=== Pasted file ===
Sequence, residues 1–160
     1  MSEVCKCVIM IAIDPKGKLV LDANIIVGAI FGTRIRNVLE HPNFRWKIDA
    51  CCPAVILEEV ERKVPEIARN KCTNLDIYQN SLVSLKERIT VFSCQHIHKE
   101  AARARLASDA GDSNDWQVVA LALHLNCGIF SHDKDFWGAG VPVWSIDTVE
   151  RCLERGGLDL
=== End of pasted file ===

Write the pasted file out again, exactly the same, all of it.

Sequence, residues 1–160
     1  MSEVCKCVIM IAIDPKGKLV LDANIIVGAI FGTRIRNVLE HPNFRWKIDA
    51  CCPAVILEEV ERKVPEIARN KCTNLDIYQN SLVSLKERIT VFSCQHIHKE
   101  AARARLASDA GDSNDWQVVA LALHLNCGIF SHDKDFWGAG VPVWSIDTVE
   151  RCLERGGLDL